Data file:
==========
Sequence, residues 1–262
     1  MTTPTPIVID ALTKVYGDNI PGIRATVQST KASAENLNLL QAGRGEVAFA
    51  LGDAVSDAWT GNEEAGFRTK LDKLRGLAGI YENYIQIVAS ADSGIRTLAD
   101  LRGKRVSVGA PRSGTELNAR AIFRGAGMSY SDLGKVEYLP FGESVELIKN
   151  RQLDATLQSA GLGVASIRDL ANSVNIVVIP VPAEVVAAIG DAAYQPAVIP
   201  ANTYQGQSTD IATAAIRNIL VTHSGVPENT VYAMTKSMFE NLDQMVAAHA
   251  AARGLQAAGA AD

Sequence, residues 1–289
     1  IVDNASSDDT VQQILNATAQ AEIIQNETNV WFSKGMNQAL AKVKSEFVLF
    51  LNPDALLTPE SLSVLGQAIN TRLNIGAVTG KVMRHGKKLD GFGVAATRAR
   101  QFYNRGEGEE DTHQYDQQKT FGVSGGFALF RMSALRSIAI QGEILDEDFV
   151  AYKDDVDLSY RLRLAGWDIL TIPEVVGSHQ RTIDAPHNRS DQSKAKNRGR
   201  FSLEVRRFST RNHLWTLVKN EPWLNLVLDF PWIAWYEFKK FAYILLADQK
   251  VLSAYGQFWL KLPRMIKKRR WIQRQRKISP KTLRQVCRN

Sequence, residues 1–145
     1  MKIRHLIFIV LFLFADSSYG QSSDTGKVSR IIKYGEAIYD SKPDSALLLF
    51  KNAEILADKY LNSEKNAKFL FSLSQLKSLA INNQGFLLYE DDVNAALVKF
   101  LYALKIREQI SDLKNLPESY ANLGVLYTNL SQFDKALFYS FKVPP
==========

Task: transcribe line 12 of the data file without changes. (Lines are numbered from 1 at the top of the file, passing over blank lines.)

   151  AYKDDVDLSY RLRLAGWDIL TIPEVVGSHQ RTIDAPHNRS DQSKAKNRGR